User Experience Is the Key to Great Web Design
User experience is the chief deity of web design. If you underestimate its importance when it comes to your online store, you run the risk of losing cold hard cash. Because navigating their way through your online store should be a breeze for your customers. When it isn't, people don’t stick around to buy.
User experience impacts our daily lives
Great functionality often goes unnoticed.
We only pay attention when stuff doesn’t work as it should. And some things don’t need to be complicated. When you buy a new TV, you expect to master its features within minutes.
But you don’t have the luxury of minutes when customers visit your Shopify store—you have seconds to make a good impression.
Potential shoppers will assume that your buying process is super easy. So imagine their despair when they realize your customer journey is like a Middle-earth quest—really hard. They don’t have the time to negotiate an ill-conceived web structure, so they leave in search of a competitor.
Functionality doesn't sound very exciting
The truth is beautiful design is user-friendly—functionality and stunning visuals are two sides of the same coin. Websites are not supposed to be ornamental. If you focus on its decorative qualities, your site becomes redundant.
Web design built for the end-user
Gorgeous online spaces and user experience are a match made in heaven. Human first principles should guide your site build. And you get into the mindset of those principles by putting yourself in the shoes of your consumers.
You already know what it’s like to buy online because you do it too. So what would you consider to be a great online shopping experience? Maybe think about your favorite brands and make notes on why you love them so much.
But you can go a step further and actually ask your prospective customers. If your shop is new, you might not be in a position just yet to send out a client questionnaire. But places like Quora and Reddit are great websites for finding out what people want. Type in your desired query and you’ll find lots of insightful information.
Search Engine Optimisation (SEO)
Everything we’re talking about here helps with your SEO.
When you actively make life easier for people, you’re making your website visible to those searching for your products. And that’s fundamentally what SEO is—being seen by the right people.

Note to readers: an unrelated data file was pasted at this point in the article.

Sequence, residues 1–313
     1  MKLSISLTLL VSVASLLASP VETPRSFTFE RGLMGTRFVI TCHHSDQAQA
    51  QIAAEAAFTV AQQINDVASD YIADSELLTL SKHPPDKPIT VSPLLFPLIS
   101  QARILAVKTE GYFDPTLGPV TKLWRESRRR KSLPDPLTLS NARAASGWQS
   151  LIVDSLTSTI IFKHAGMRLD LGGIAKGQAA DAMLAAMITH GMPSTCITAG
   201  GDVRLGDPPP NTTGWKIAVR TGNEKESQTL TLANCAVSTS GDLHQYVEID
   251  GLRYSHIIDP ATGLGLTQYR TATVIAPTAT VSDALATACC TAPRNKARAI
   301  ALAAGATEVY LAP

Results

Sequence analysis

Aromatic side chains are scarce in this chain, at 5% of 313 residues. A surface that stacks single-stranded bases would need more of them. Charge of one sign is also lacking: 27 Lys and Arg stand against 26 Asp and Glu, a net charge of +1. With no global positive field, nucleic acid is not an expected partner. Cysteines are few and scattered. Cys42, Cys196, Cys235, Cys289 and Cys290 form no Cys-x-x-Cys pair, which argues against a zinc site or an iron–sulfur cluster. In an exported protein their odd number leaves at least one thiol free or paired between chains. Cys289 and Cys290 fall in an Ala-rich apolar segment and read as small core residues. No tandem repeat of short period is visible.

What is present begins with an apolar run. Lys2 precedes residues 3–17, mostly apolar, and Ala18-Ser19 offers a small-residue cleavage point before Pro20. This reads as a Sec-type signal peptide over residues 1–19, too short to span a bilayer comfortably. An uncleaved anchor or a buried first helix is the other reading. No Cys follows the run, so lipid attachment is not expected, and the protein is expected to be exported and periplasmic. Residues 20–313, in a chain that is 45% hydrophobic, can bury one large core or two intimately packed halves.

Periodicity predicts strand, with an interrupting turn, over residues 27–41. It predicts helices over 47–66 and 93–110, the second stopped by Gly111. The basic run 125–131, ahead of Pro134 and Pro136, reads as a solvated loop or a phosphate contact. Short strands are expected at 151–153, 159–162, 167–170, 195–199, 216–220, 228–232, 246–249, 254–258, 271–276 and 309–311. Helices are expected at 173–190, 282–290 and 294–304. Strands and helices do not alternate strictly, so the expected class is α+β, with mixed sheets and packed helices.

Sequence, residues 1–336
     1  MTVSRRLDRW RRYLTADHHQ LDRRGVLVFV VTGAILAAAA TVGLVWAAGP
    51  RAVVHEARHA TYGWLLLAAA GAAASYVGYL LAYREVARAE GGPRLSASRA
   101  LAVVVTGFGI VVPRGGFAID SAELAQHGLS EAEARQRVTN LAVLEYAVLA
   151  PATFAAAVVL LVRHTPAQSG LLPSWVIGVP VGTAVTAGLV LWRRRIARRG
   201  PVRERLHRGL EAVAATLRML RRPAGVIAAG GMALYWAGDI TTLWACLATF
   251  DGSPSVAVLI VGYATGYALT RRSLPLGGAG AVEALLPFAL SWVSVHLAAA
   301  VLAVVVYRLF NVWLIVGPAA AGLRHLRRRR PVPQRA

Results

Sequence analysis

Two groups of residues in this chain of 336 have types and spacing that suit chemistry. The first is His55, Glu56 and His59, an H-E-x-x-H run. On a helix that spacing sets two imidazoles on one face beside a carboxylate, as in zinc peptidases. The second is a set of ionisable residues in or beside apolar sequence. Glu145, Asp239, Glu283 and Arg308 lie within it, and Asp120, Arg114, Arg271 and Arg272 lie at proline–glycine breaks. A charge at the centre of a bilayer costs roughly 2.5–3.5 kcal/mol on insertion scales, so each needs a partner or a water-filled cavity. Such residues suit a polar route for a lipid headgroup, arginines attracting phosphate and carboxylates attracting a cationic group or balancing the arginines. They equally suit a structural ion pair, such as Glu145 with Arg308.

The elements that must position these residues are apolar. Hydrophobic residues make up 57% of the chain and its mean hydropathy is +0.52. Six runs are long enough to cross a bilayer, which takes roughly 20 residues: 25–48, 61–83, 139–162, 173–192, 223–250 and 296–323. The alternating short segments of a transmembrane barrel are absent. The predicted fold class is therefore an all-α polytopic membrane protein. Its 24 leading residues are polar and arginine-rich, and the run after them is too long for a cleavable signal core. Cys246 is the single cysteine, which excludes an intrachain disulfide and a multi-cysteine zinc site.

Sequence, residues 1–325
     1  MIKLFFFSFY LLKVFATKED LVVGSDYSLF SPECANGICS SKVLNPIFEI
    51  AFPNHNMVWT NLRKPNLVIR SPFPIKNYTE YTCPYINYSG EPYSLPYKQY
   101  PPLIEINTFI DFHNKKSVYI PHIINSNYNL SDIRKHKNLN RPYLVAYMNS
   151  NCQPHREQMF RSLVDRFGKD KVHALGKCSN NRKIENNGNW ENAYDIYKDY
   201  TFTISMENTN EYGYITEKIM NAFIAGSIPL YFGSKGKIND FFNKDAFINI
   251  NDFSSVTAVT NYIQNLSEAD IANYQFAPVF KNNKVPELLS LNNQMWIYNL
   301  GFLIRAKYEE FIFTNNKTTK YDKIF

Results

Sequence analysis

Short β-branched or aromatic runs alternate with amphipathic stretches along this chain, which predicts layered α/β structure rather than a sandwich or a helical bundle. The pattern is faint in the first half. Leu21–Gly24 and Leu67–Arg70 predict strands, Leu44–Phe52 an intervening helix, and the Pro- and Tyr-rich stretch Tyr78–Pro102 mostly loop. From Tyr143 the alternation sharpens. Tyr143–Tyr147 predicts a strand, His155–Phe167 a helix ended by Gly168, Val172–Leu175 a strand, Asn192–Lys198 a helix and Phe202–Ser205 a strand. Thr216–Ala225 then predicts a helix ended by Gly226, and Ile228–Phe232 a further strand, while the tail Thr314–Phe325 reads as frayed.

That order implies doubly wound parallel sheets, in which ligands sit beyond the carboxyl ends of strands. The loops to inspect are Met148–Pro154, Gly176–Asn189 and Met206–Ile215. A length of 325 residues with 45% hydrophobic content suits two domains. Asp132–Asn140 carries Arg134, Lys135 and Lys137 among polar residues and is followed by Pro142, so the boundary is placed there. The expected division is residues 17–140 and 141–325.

In the early days of SEO, you had to play the system to get found on the web—keyword cramming was standard practice. Search engines have evolved—now the algorithm is asking you to create web content for humans.
SEO is a huge topic with many subsets but understanding Google Page Experience will help you see how certain elements of page optimization will improve your ranking chances. The bottom line is this: user experience is a huge plus for your SEO.
Building user experience into your website
Let’s take a look at some of the things you can do to make the design of your online store work better for the folks visiting it.
Create a logical structure
Have you ever been to one of those hedge mazes? You turn one corner after the next—never knowing where the path will lead. Perhaps you’ll find another dead end. Or maybe, at last, reach the central destination.
You don’t want your website to be like a maze. Easy navigation matters. Think of your homepage as your website's main highway. Use internal links to direct people to the side streets—all the other places on your site. Always keep the navigation simple and easy to follow.
Desktops aren't the full story
Lots of us are searching the internet on our phones and tablets. If you only concentrate on building your shop for desktop view, you’re missing out on potential sales. Make sure to check that your website responds well on mobile before you hit publish.
Correctly size your images
Image files are often large and can slow down your website. When that happens, pages can take an age to load. You can compress your image files using a website plugin or resize them before uploading to your website.
Create engaging content
No one consciously creates uninteresting content.
But a lot of folks underestimate the power of words. Sadly, content is sometimes the last thing anyone thinks about when building websites because it’s assumed a basic understanding of language is enough. But if you don’t know your audience well, you won’t be able to speak to their needs and concerns.
Content is a major player when marketing your wares. It’s also another huge ranking factor. Writing for crawler bots and people are no longer two separate entities. In 2022 Google launched its Helpful Content Update in a “broader effort to ensure people see more original, helpful content written by people, for people, in search results.”